The day after one of the most emotional nights in the tennis world in recent memory—Roger Federer’s last professional tennis match, and all of the celebrations, speeches and tears that followed—Novak Djokovic took the court for his first match since Wimbledon, defeating US Open semifinalist Frances Tiafoe, 6-1, 6-3.

After the victory, Djokovic did his first on-court interview since lifting his seventh trophy at the All England Club, and was asked about the night before.

“Well, I think we would all agree that this was one of the most beautiful moments that everyone has experienced live, or on the TV, or on the tennis courts, worldwide, of all time,” Djokovic said. “I think we all knew that it was going to be an emotional farewell for Roger, but I think we were all taken away by the moment.

“At the same time it’s kind of a mix of emotions. Sadness because one of the greatest athletes of all time is leaving the sport, but on the other hand seeing him happy with the way it all played out—and I was just grateful, really, and privileged to be alongside other Team World and Team Europe players to witness that.

“It was one of the most beautiful moments I’ve ever experienced in my life, for sure.”


Djokovic, a father of two whose charity, the Novak Djokovic Foundation, helps children from disadvantaged communities gain access to preschool education, then elaborated on which part of the night before hit him the hardest.

“I can speak on my own behalf, what got me the most emotional is when his children came up and I saw them tearing up," he said. "That was, yeah—sorry, Roger, I don’t want to tear you up again, but it was a beautiful moment. And it’s very nice to see Roger’s parents here in London, and of course family—Mirka, kids, everyone who has been such an instrumental part of his life and of his career.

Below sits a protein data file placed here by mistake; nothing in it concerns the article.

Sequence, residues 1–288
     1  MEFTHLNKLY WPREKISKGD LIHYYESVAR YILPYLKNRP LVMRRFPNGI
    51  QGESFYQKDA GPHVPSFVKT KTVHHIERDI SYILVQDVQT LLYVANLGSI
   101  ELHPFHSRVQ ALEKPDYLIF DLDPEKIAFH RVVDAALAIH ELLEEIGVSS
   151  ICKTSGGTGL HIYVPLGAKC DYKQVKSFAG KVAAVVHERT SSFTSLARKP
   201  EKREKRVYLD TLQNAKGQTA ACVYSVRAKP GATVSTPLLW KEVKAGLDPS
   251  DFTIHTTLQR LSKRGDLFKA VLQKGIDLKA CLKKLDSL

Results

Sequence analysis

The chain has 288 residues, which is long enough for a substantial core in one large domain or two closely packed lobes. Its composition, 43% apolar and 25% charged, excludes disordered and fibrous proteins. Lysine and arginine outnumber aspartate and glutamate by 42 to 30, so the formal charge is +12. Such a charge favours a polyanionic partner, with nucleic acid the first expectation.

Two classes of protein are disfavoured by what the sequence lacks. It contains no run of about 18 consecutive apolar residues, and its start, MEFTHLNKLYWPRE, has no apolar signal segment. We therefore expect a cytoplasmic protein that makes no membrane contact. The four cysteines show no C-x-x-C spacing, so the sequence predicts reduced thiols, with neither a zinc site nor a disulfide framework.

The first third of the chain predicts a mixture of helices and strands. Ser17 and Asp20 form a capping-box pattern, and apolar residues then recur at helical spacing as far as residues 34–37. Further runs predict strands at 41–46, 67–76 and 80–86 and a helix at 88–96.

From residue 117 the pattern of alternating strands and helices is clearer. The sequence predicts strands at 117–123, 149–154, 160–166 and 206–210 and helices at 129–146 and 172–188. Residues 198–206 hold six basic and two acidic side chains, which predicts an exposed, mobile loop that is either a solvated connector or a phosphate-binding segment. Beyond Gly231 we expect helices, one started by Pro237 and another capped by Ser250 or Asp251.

“I understand and I empathize with Roger, because I understand exactly what is necessary in order for you to be on the tour for such a long time. It’s an individual sport, so people think that it’s really only up to us, and win or lose we take the blame or we take the credit, which is somewhat of the truth—but on the other side, we wouldn’t be able to do it without the support of the closest ones, and I think he said it beautifully yesterday that his wife Mirka and closest people in his life allow him to be able to play in such an incredible level for so many years.

“And I’m talking too much,” Djokovic added, lightening the moment. “There’s a lot I want to say, you know, I’m sorry, I haven’t been on the tour for a while! And obviously, I’ve also witnessed something that is extremely unique and special, so you know we can’t get enough of that moment, what we witnessed yesterday.

“But I gotta run, because I’ve gotta be on the court in 20 minutes or so!”

Djokovic returned to the court shortly afterwards, partnering Italy's Matteo Berrettini for a doubles victory over Team World's Alex de Minaur and Jack Sock.

This wasn’t the first time that Federer and Djokovic were Laver Cup teammates—they also played on Team Europe together in 2018, when the event was held in Chicago. They even played a doubles match together that year, falling to Sock and Kevin Anderson in a match tie-break, 6-7 (5), 6-3, 10-6.